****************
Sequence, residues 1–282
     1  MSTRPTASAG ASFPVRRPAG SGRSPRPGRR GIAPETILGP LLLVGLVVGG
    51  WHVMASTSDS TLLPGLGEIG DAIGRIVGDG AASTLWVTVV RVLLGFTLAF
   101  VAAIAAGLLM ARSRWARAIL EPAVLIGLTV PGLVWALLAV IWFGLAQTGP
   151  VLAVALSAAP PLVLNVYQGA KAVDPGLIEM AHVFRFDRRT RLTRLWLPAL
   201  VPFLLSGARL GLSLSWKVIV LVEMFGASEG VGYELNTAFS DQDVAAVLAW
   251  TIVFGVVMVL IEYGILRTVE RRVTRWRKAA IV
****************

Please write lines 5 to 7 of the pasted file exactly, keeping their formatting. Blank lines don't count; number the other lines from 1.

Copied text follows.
   151  VLAVALSAAP PLVLNVYQGA KAVDPGLIEM AHVFRFDRRT RLTRLWLPAL
   201  VPFLLSGARL GLSLSWKVIV LVEMFGASEG VGYELNTAFS DQDVAAVLAW
   251  TIVFGVVMVL IEYGILRTVE RRVTRWRKAA IV